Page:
Delegates from local authorities, schools, public health groups and many more joined the team at venues in Manchester, Newcastle, London and Birmingham. Social Sense presented and discussed the work which they have been doing over the last 5 years, and the exciting and engaging future projects which are on the horizon.
Key themes included delivering ‘more for less’ by harnessing technology and proven social theories with the knowledge, enthusiasm and support young people can bring to leading projects within schools and the wider community.
The roadshows covered the topics below:
• How Social Sense’s approach directly fits with the new 2014-17 Public Health England Strategy and recommendations for improving the health and lifestyles of young people
• How it delivers a range of Ofsted objectives for schools looking to evidence improvements/enhancements in PSHE, behaviour, achievement and attainment
• The new Mindfulness programme being delivered in schools
• Future plans, including our new “Social Return on Investment” independent evaluation work
• The new #ctzn app’ currently being tested prior to roll out
In Manchester, Happy Fit spoke about the effectiveness of ‘Mindfulness’ while in London, the charity 4Children spoke about the need to better join up youth services to maintain the focus on the young person. In Newcastle, Northumbria University shared their experiences and evidence of using the Social Norms approach in the North East.
Ruth Holtrom from the Co-operative College said “I am really impressed with the innovative and creative ideas behind Social Sense and the ‘R U Different?’ project. We need more schemes like this to effectively engage young people in the digital age. Furthermore, at these events I felt that Social Sense had a genuine enthusiasm for partnership and collaboration, which is very important”.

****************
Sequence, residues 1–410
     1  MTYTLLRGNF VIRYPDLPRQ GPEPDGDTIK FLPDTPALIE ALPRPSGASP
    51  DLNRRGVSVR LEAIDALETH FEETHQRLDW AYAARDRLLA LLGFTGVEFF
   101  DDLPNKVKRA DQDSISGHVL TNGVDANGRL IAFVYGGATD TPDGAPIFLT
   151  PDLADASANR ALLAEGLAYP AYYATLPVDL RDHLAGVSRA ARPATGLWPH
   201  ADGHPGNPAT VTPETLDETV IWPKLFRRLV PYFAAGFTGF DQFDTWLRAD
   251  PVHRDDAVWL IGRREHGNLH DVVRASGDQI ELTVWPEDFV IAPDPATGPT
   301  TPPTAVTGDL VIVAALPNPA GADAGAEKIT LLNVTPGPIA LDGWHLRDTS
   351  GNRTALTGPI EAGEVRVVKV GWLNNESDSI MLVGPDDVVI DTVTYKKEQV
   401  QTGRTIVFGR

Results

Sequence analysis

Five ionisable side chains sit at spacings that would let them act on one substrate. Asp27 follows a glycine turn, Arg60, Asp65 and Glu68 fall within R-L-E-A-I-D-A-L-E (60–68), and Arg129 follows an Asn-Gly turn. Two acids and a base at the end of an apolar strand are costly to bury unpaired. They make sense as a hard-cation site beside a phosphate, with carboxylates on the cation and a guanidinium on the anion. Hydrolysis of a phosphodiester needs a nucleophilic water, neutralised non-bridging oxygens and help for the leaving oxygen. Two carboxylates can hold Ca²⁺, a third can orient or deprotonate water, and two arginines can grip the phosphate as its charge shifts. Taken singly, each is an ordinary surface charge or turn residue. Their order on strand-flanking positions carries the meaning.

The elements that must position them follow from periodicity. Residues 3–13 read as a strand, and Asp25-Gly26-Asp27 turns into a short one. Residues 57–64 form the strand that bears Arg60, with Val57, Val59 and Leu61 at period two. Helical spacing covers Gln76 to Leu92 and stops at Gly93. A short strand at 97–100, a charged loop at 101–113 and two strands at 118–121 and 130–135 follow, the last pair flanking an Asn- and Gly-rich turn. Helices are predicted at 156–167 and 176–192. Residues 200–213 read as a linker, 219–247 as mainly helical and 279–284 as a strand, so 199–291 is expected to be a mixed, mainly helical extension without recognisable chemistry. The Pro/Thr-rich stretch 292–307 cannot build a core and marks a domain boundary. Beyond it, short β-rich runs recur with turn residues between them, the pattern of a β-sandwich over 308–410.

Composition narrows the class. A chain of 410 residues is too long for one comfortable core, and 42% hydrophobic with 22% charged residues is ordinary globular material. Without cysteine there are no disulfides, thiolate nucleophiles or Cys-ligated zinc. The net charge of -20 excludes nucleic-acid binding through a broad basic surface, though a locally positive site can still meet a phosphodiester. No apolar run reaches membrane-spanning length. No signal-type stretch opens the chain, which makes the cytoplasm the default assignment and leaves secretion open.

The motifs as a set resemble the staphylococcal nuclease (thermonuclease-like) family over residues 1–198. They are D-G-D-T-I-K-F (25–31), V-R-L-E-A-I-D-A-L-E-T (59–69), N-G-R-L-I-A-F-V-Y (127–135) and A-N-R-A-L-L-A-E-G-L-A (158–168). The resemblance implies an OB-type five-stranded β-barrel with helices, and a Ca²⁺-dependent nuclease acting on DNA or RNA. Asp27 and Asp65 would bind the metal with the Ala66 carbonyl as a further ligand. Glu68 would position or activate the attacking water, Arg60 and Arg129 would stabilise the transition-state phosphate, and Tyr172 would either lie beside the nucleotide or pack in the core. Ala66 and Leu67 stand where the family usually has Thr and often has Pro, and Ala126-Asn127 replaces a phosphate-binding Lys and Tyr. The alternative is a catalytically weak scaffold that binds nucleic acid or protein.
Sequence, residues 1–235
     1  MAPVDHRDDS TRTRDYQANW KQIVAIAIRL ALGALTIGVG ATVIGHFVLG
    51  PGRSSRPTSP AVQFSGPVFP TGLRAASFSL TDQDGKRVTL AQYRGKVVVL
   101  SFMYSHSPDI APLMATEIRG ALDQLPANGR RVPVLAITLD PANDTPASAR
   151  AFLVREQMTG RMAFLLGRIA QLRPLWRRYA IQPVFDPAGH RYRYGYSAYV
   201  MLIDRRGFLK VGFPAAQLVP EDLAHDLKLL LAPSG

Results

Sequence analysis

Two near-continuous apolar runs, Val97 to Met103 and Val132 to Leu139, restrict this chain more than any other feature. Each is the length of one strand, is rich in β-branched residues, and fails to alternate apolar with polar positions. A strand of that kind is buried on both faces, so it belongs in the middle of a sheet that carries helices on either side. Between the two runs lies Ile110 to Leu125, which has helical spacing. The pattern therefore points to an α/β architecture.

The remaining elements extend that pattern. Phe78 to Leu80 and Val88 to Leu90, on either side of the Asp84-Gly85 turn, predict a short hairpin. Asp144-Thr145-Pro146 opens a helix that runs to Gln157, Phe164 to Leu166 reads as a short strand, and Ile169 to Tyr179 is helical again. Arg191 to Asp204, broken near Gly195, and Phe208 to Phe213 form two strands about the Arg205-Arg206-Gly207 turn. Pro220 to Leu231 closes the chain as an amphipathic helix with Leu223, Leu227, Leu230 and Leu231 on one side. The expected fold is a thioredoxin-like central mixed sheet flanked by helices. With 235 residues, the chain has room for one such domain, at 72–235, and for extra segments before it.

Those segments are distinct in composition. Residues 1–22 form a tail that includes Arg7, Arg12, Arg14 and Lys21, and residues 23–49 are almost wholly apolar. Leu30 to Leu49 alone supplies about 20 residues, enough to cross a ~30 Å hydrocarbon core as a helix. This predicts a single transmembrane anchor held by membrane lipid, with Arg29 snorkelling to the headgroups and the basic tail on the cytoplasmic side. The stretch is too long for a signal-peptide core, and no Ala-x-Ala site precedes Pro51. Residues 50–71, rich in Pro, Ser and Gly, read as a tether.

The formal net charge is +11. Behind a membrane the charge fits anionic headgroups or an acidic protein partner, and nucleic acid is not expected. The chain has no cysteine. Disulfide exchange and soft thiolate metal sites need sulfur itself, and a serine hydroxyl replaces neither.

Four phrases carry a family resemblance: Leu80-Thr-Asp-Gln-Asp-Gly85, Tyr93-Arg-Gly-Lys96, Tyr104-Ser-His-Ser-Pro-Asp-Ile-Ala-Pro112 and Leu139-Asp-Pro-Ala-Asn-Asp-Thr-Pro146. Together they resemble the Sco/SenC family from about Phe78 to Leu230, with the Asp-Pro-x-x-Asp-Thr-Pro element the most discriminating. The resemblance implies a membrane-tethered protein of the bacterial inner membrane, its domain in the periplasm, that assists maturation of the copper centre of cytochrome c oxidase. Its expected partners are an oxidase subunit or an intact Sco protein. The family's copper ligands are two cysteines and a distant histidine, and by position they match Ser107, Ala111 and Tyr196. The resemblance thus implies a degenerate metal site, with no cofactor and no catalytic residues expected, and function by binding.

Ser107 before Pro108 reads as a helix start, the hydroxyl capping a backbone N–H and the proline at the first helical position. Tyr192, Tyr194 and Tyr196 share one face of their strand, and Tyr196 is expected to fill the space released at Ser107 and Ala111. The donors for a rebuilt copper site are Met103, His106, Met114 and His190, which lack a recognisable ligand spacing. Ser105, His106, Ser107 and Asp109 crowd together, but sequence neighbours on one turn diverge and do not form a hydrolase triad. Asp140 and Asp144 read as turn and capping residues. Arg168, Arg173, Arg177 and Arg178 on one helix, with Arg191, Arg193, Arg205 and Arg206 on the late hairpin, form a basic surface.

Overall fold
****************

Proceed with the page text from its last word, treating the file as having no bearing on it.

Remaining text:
Gary Lovatt, Managing Director at Social Sense said: “The events offered us an invaluable opportunity to reflect on our work and receive feedback from like minded individuals and organisations across the UK, who share our passion for delivering better outcomes for young people.
Our aim is to continually innovate and create new opportunities for positive and measurable change, and we do place a great deal of value on working with partners, and of course young people directly”
This entry was posted in Alcohol Reduction, Community Safety, Education and PSHE, Healthy Eating, Peer Pressure, Public Health, Sex and Relationship Education, Social Marketing, Social Norms and tagged 4Children, Birmingham, Gateshead, London, Manchester, Newcastle, Northumbria University, Ofsted, Public Health, Public Health England, R U Different?, social marketing, social norms, youth engagement.